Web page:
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Police say that she rented the unit on October 1, and was seen on surveillance video checking on the belongings several times. But when the credit card on file to pay for the unit was declined in January, the owner of the unit called police.
Once inside the storage unit, officers found bikes, a scooter, winter clothing, a photo album with pictures of J.J. and Tylee, sports equipment and a backpack with J.J.’s initials. There were also blankets showing photos of the children.
In addition to the case of the missing kids, authorities in several states are investigating a spate of suspicious deaths that have swirled around Daybell and Vallow in the past few months.
Daybell’s wife, Tammy, was found dead in October under suspicious circumstances. Vallow’s fourth husband, Charles, was shot to death in July 2019 by her brother, Alex Cox — and Cox was later found dead under mysterious circumstances.
It was during the investigation into Tammy Daybell’s death that police discovered the children were missing.
Grandfather Said Vallow ‘Belongs in Handcuffs’
The grandparents of the children have spoken out, telling PEOPLE they’re holding out hope the siblings will return safely.
“There are two phone calls I want to get right now,” says Larry Woodcock, the boy’s grandfather. “The first call is that they’ve been found right now. J.J. and Tylee are safe and they’re heading home. And the second call is that Lori and Chad Daybell have been arrested.”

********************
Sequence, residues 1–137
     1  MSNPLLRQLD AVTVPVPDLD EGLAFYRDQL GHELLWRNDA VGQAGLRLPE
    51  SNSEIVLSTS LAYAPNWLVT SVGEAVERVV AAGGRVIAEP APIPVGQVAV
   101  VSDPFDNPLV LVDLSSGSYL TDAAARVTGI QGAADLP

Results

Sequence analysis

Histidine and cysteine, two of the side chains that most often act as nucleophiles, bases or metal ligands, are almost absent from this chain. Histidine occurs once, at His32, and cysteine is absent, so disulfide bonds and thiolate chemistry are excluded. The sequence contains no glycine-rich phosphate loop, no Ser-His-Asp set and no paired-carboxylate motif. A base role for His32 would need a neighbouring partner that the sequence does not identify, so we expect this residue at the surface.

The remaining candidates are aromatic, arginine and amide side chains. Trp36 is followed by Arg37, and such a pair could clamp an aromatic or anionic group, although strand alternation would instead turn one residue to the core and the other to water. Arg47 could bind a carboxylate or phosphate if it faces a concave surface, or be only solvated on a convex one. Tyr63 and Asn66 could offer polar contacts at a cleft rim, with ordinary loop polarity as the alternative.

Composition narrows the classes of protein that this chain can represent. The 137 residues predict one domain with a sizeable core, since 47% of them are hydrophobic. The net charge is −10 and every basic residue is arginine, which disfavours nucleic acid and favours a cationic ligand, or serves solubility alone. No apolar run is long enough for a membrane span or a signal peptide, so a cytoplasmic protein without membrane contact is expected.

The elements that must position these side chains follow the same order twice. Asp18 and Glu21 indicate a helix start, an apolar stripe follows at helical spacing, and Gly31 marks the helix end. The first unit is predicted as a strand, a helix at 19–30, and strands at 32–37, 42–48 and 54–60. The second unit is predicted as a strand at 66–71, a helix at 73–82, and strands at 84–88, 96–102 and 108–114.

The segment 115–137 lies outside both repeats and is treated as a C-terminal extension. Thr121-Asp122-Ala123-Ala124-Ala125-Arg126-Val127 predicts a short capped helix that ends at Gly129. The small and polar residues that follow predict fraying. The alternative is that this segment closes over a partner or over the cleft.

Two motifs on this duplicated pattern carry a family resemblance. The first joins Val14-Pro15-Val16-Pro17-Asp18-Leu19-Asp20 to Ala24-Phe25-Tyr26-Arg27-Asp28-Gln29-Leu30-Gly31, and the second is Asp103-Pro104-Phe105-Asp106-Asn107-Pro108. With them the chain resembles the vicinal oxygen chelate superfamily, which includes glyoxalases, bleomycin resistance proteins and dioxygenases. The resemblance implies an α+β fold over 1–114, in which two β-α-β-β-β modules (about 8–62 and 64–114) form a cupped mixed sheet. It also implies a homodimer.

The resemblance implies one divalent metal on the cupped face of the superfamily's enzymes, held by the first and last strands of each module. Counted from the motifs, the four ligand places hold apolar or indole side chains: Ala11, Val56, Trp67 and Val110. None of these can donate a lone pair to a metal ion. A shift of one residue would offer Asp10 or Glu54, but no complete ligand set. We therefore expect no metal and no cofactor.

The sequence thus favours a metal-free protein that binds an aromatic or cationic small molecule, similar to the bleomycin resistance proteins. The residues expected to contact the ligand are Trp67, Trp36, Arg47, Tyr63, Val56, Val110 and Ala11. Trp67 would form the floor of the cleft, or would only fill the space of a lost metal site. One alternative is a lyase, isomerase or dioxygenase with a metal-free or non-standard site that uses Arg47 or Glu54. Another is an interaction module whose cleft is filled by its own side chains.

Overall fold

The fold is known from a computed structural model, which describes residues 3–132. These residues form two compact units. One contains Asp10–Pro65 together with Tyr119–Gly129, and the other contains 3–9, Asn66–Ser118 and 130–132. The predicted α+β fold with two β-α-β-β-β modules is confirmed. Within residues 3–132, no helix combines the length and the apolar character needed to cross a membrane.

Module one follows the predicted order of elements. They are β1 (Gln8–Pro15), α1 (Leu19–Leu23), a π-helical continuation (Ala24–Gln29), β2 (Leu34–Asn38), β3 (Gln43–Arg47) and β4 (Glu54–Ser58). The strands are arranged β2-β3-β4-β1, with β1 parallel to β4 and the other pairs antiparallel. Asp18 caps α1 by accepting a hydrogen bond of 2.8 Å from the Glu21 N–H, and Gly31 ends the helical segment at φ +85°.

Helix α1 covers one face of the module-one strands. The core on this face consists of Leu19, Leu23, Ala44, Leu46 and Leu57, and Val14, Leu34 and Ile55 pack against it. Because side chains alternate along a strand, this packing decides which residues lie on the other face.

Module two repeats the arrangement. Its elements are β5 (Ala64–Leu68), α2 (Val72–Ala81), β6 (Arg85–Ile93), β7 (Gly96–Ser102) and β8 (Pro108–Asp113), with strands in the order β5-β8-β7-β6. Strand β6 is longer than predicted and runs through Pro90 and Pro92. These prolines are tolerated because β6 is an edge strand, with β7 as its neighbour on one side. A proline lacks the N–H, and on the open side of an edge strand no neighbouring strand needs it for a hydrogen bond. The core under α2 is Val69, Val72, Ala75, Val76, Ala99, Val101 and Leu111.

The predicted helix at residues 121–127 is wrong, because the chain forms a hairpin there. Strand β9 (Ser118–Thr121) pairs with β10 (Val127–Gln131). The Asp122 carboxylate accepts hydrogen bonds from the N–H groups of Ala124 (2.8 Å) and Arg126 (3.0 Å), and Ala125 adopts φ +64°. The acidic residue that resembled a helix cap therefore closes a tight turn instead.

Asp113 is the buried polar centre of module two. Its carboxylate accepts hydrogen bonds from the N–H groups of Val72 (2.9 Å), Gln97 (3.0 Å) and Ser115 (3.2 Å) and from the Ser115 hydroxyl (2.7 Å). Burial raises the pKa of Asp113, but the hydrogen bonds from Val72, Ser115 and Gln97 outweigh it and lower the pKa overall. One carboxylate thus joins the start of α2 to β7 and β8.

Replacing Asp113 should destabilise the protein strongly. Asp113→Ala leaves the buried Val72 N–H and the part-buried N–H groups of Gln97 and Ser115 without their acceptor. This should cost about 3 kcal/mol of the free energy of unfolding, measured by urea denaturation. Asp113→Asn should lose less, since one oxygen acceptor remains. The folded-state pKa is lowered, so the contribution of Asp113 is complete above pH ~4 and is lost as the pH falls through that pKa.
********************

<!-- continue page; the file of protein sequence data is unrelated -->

Larry Woodcock says that Vallow’s lack of cooperation is egregious. “She didn’t comply with a court order,” he says. “She belongs in handcuffs.”
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An older son of Vallow’s, Colby Ryan, had pleaded with his mother via a youTube video to safely return the missing children and end the uncertainty “for everybody, for the kids, for yourself, for all of us.” After seeing video of Vallow and Daybell in Hawaii without the kids, he then said he was “done” with his mother and her blatant refusal to cooperate with authorities.
Yet he also said in an interview with Fox10 Phoenix that he didn’t think Vallow would hurt his siblings. “I feel like my mom would die for the kids, so to see this and hear it, and also be questioning why they’re not being found, that’s where this all comes into a battle [between] what you think and what you feel,” he said after the couple first surfaced in Hawaii.
Vallow’s alleged obsession with end-of-times prophecies at one point in 2018 led her to voice a fantasy about driving herself and her kids off a cliff, according to Tylee’s aunt, Annie Cushing.
“It’s like she wanted me to be afraid of the end times,” Cushing told KSL TV, discussing a period after the death of Tylee’s father and Cushing’s brother, Joseph Ryan, who was divorced from Vallow. Recalling Vallow’s statements anticipating the end of the world, Cushing recalled, “There was one time where she was talking about it and she says, ‘sometimes, I think it would be better just to put my kids in a car and go off the side of a cliff.’”
• With reporting by STEVE HELLING